Alexei  Lubimov  (Debussy)   (2-Melodiya 10 002002)
Item# P0899
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Alexei  Lubimov  (Debussy)   (2-Melodiya 10 002002)
P0899. ALEXEI LUBIMOV: Préludes – Books I & II (Debussy). (Russia) 2-Melodiya 10 002002, recorded 1971 (Lubimov’s first Debussy recording). Final Copy! - 4600317120024

CRITIC REVIEWS:

"You know, Debussy was one of the most important composers through my life, and I discovered him when I was in the conservatory getting through the class of Heinrich Neuhaus, a great teacher and a great pianist of the first half of the 20th century. I played some works of Debussy and, step by step, I understood the Préludes as a set of pieces, like a summary of aesthetics, philosophy and musical discoveries. I hope I touch not only the texts of the score. I tried…with the help of knowing the other music of Debussy and surrounding music, to give a kind of a multi-vision [of Debussy], because he is one of the composers, one of the few composers, who had some special vision. I have to say multi-visions, not only in sounds but in pictures, are in his instincts, and his feeling of musical space and some kind of state of mind."

- Alexei Lubimov

“Born in Moscow in 1944, Alexei Lubimov is one of the most strikingly original and outstanding pianists performing today. His large repertoire combined with his dedication to principle and musical morals make him a notable exception in today’s music scene.

Following studies at the Moscow Conservatory with Heinrich Neuhaus, Lubimov early in life established a dual passion for Baroque music performed on traditional instruments and for 20th century composers ranging from Schönberg, Stockhausen, Boulez, Ives and Ligeti, to his contemporaries Sofia Gubaidulina and Arvo Pärt. He first attracted notice with his compelling performances of modern scores, and in 1968 played the Moscow debuts of works by John Cage and Terry Riley. He premiered many 20th century pieces in Russia, where Soviet authorities heavily criticized his commitment to Western music and prevented him from leaving the Soviet Union for several years. So Lubimov concentrated on working with period (original) instruments of the 16th and 17th centuries, and founded the Moscow Baroque Quartet and the Moscow Chamber Academy, as well as the avant-garde music festival ‘Alternativa’ in 1988. He continues to perform both ‘old’ and ‘new’ music on his many recordings, and also records classical and romantic repertoire of the 18th and 19th centuries.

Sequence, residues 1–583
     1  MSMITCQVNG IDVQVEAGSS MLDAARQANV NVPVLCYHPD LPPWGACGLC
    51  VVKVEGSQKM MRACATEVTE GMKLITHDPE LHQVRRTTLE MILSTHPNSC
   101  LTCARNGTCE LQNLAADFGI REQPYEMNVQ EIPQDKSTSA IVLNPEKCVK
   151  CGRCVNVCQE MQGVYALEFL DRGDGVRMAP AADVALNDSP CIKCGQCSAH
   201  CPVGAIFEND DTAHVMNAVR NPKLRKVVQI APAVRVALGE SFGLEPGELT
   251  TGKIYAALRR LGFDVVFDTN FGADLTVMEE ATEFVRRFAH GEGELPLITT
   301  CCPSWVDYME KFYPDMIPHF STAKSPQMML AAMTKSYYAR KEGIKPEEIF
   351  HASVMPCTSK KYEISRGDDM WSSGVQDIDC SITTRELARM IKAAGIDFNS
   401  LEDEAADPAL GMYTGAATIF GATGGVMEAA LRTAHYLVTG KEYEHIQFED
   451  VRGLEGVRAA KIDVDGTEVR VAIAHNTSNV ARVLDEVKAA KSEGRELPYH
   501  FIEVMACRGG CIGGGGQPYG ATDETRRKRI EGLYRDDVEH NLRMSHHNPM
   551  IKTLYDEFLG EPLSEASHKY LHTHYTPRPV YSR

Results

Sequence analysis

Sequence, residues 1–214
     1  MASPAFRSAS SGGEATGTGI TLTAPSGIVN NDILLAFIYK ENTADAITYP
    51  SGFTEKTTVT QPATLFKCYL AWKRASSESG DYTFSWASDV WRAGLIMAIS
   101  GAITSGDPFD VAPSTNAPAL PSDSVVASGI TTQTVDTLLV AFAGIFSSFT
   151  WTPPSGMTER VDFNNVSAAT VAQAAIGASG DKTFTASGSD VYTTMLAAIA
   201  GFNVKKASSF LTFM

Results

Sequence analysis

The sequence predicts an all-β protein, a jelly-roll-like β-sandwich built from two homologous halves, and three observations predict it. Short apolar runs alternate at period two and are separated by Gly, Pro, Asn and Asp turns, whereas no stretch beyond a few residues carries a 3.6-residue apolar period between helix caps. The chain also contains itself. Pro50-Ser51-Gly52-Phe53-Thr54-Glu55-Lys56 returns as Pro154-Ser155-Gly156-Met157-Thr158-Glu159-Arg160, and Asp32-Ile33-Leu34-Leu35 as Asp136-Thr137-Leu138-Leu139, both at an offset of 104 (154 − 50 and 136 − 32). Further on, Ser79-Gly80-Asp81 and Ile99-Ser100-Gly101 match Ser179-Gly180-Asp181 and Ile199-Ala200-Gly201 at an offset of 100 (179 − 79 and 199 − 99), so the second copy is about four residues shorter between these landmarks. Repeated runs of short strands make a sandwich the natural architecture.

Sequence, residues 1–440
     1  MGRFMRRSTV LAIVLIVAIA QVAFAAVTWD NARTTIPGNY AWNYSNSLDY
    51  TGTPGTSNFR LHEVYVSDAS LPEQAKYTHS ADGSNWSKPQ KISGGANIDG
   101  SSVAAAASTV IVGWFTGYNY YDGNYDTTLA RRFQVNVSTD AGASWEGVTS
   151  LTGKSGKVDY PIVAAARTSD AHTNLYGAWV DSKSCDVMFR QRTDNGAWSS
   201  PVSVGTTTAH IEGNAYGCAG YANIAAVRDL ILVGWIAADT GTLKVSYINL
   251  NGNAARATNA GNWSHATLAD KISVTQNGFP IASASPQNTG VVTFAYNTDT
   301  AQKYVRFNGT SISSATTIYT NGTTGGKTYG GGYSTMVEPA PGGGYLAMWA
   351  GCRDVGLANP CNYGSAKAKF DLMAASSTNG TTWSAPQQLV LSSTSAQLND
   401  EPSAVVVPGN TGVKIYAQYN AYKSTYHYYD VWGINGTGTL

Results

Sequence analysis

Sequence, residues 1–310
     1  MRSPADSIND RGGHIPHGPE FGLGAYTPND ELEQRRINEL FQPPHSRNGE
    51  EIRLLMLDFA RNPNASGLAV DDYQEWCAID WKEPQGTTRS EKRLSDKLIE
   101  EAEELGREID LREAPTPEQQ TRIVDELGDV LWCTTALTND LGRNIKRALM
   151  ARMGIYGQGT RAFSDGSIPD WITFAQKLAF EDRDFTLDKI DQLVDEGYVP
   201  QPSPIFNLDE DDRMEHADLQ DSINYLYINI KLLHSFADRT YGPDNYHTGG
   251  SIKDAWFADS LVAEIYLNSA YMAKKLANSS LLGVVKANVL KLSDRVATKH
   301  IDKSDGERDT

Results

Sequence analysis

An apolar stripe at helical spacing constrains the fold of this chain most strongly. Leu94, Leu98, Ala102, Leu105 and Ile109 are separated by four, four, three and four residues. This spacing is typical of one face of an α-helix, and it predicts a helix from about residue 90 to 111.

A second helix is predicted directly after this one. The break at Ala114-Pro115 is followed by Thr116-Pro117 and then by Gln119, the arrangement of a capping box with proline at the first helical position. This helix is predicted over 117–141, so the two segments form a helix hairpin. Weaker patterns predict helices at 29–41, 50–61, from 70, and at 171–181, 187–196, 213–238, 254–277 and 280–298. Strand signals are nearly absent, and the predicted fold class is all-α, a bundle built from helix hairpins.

Political restrictions were lifted during the 1980’s, and Lubimov soon emerged among the first rank of international pianists, performing on tour in Europe, North America and Japan. He made his U.S. début in 1991 as soloist with Andrew Parrott and his Classical Band in New York. Lubimov has since played piano concerti with the Los Angeles Philharmonic, and with the Philharmonics of Helsinki, Israel, Munich and St. Petersburg, the Royal Philharmonic in London, Russian National Orchestra, Orchestre Philharmonie de Radio France, Deutsches Symphonieorchester Berlin, and the Toronto Symphony. He performs with the world’s most important international conductors, including Ashkenazy, Järvi, Kondrashin, Hogwood, Mackerras, Nagano, Norrington, Pletnev, Saraste, Salonen, Janovski and Tortelier. Alexei Lubimov has given historic performances with the Orchestra of the Age of Enlightenment, Wiener Akademie and the Collegium Vocale Gent.

In recent seasons Alexei Lubimov has given numerous solo recitals and concerts with the City of Birmingham Symphony Orchestra, the Russian National Orchestra in Moscow and the Tonkünstlerorchester in the Great Hall of Vienna’s Musikverein. He toured with the Haydn Sinfonietta playing Mozart concertos, played Mozart with the Orchestra della Svizzera Italiana under Robert King, Haydn with the Camerata Salzburg under Sir Roger Norrington in New York, and Pärt’s Lamentate with the RSO Vienna under Andrey Boreyko at the Musikverein and with the Tampere Philharmonic under John Storgards. He performed PROMETEUS by Scriabin at the 2010 Salzburg Festival and in Copenhagen, and played concertos with the Orchestra of the Age of the Enlightenment (Beethoven), Munich Philharmonic (Silvestrov), SWR Stuttgart (Pärt), DSO Berlin (Pärt), Danish National Symphony Orchestra (Pärt), Anima Eterna Brugge and Russian National Orchestra. In 2010 he played recitals in Brussels, Utrecht, Budapest, Lille, London, Los Angeles and New York, where he returned in 2011 for performances with the Budapest Festival Orchestra under conductor Ivan Fischer.

Lubimov says that after chancing upon an old Steinway stationed in the Polish Embassy in Brussels (the instrument Paderewski himself played, or so the story goes), he began thinking about Debussy differently — about the rich colors not just in Debussy's writing, but even more so in his own piano playing. Lubimov brings great clarity to the Préludes; there are no soapy washes of sound here, even in the most ruminative and dreamy portions, like ‘La fille aux cheveux de lin’ or ‘Canope’. Every dynamic marking is finely rendered, from the softest pianos to the most clangorous fortes, and Lubimov handles Debussy's changes of mood and temper just as skillfully.”

- Anastasia Tsioulcas, DECEPTIVE CADENCE, 24 July, 2012 (reviewing Lubimov's second Debussy recording, 2012)

“[Lubimov’s] unique and compelling interpretations are always tasteful and imaginative….His are not textbook examples of utmost fidelity to the printed score, or traditional interpretations. Nor is he doing anything remotely outlandish. He makes you listen closely and think.”

- James Harrington, AMERICAN RECORD GUIDE, Sept./Oct., 2012